Internal French Drain
Most of the internal french drains that we create are meant to be able to draw water out of a crawlspace. While most of the projects that we handle are essentially corrections to the original structures you really shouldn’t take too long to realize that puddles are forming in these areas. That constant presence of moisture does not only attract mold it can cause a bunch of structural damage to homes or buildings down the line. It should go without saying, but that’s exactly what we’re looking to help you avoid.
Do I Really Need A Drain?
There are people out there that put drains in spots that they feel could potentially be compromised without really knowing whether or not they need the drain there. When you do this it really doesn’t hurt you, but just to be clear, no not all of the crawl spaces around here are going to need a drain. You‘re going to need a great waterproofing strategy to make sure that literally no water ever gets in, but technically you won’t need a drain. We can help you determine whether a french drain can be right for you and how to actually execute the installation process.
Crawl Space Help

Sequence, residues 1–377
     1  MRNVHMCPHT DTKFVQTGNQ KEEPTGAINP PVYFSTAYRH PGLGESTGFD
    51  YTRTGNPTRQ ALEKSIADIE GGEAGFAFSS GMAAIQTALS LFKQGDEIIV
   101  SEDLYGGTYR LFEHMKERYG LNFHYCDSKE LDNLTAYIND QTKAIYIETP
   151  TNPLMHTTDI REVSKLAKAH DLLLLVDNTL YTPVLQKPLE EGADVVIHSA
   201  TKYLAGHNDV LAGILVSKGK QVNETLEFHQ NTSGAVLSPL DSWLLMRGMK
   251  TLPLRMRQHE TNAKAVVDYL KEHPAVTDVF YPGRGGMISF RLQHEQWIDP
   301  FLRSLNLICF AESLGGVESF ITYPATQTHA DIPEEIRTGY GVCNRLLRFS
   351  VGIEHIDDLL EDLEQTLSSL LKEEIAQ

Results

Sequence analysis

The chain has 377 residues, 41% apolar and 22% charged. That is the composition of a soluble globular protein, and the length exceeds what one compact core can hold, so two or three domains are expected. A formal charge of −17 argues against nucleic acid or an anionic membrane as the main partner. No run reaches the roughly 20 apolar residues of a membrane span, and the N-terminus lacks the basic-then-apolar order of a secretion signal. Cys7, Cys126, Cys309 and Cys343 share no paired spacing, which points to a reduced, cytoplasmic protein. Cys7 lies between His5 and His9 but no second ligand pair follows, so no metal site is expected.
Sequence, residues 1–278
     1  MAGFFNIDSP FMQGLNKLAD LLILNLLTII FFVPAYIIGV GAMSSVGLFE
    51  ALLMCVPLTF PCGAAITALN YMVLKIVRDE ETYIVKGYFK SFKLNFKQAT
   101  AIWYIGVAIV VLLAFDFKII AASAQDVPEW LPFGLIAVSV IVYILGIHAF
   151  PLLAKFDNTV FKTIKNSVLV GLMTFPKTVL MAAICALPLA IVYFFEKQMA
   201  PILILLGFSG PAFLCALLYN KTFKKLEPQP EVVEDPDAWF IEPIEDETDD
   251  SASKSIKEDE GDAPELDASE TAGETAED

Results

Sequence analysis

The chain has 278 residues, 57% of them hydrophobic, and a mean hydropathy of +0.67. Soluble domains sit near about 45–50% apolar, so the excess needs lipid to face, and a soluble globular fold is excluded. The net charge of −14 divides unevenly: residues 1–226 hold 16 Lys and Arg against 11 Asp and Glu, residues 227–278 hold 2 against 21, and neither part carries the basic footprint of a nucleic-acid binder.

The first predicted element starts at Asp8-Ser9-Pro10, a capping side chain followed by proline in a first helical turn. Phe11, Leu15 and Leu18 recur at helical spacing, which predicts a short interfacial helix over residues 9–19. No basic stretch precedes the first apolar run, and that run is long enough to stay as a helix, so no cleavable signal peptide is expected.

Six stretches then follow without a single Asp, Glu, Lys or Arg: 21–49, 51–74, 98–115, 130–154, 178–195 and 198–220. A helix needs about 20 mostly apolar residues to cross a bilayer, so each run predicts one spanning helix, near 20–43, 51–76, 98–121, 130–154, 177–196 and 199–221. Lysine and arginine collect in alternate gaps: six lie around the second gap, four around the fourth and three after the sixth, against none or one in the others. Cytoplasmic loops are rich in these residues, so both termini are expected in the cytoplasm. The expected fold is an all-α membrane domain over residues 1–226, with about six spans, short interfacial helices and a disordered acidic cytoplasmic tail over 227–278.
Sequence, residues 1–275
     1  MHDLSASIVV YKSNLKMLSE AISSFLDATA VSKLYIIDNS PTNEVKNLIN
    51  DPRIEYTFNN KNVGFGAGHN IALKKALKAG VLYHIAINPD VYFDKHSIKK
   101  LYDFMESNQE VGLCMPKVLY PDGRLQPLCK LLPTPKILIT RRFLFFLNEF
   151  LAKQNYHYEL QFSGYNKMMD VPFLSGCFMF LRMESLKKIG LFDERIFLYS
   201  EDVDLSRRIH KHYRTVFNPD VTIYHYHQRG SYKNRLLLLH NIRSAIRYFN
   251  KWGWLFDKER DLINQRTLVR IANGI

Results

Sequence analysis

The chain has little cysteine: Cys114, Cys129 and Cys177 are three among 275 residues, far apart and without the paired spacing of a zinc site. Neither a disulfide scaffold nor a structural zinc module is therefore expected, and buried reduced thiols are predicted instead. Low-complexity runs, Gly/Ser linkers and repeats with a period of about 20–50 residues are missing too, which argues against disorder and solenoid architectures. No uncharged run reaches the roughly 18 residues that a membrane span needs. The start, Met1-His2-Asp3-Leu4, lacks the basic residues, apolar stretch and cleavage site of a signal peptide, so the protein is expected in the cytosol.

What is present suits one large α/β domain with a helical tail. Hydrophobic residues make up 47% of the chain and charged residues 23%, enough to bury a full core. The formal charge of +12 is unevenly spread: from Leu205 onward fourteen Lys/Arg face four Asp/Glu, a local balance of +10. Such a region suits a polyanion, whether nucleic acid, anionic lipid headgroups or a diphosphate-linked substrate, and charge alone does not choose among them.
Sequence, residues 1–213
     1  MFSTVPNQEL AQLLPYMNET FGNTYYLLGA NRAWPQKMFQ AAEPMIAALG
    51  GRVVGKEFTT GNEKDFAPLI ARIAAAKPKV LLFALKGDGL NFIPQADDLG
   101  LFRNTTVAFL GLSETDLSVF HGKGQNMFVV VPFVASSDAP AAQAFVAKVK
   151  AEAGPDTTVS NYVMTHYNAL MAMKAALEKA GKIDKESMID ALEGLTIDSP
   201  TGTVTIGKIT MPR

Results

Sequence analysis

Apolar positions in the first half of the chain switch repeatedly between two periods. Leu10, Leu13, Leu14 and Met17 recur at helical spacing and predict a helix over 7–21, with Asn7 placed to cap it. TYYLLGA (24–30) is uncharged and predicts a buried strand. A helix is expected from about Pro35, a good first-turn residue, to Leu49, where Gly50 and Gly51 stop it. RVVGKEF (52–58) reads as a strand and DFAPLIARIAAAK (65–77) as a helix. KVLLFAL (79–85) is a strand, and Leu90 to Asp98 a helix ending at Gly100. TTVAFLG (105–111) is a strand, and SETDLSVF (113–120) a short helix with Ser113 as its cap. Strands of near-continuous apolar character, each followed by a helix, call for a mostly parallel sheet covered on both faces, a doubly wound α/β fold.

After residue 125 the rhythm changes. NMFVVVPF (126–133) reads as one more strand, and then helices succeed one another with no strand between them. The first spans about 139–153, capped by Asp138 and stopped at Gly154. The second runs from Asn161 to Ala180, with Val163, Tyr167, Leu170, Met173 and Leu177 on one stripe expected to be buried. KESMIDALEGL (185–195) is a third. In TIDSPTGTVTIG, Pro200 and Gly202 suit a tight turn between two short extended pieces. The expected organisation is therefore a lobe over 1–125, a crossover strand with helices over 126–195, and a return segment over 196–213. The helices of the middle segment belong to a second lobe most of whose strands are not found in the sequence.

Sometimes no matter how hard you try to waterproof your crawl space it’s always a good idea to have a backup plan. Especially if there is a possibility of backflow from some of the sewage facilities that are housed within this area. Many times what we’ll also do is set up a drain to make sure that water is able to pass safely through the house and not get into the foundation. Obviously, we’ll be able to design a drain that fits your particular needs. One of the main problems that we see is that folks want to build the exact same drains in different homes. That doesn’t work out, we need to locate where the water is coming from and where we want to get it to. In essence, it’s just that simple, but things can certainly get much more complex in practice.
Making Sure The Drain Runs To A Safe Spot
If you’re able to divert water from a crawlspace, but ultimately the water falls near the property and still gives you trouble it doesn’t make sense to even have a drain in the first place. We want to make sure that we design the drain to be long enough so that we can ultimately have water fall in a safe spot.
Can Building A Drain Damage Other Surfaces?
We have to make sure that we create a design that does not affect any of the neighboring structures. We may need to build the path of the drain through walls or other surfaces. For the most part though, we want to make sure that we avoid major adjustments to any surface. When it has to be done though, we’ll make sure to get the job done accordingly. To of course not compromise the existing surfaces.